Bring Up The Bodies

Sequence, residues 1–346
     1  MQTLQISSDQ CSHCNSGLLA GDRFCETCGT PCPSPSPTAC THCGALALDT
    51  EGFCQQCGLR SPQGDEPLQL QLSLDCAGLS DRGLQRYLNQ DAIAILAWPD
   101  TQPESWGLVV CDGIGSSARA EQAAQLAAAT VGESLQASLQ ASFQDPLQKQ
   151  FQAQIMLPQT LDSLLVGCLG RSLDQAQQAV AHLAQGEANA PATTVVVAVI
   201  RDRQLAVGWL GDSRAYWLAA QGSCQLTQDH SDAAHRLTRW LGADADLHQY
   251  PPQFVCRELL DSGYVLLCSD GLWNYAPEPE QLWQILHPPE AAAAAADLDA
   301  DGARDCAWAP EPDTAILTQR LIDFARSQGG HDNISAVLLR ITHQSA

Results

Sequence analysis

Historical fiction devotees, take note: this and its predecessor, Wolf Hall, set the bar high with an in-depth look at the life of Thomas Cromwell, written in a wholly readable and digestible tone. “Bring Up the Bodies” is the cry from the Tower of London whenever the accused prisoners are to have their day in court. In this book, we see the downfall of Anne Boleyn, the further tightening of Cromwell’s hold on power, the king’s infatuation with Jane Seymour. The king suffers a jousting accident and loses consciousness for some time, during which everyone believes he is dead and people’s true colors come out, Howard shouting, “me, me, me” as if he is the true successor. This incident sharpens Cromwell’s vision of the future and he soon begins to round up witnesses to testify to Anne’s adultery. In addition to the servant boy, Mark’s, testimony, he ropes up the four men who had enjoyed a starring role in re-enacting Cromwell’s hero (the cardinal)’s death at a pageant for the public. As he takes them down, he notes left-forepaw, right-forepaw, etc, according to their place under the beast costume. With this book, Cromwell is at the height of his power. Mantel has planned a trilogy, so the next will be the dramatic fall from grace.